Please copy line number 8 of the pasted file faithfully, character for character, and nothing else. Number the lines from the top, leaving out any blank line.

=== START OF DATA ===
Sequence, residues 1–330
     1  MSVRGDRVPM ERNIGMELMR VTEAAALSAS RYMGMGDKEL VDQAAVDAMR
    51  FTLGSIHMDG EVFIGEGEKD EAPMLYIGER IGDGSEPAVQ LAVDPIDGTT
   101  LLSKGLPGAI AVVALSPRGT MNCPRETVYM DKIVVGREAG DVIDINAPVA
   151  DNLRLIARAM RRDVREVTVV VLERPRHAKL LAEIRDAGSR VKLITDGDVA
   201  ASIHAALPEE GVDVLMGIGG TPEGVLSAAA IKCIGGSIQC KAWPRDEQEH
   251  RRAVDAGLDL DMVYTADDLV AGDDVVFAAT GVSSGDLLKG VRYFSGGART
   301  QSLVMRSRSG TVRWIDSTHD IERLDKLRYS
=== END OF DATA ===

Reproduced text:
   301  QSLVMRSRSG TVRWIDSTHD IERLDKLRYS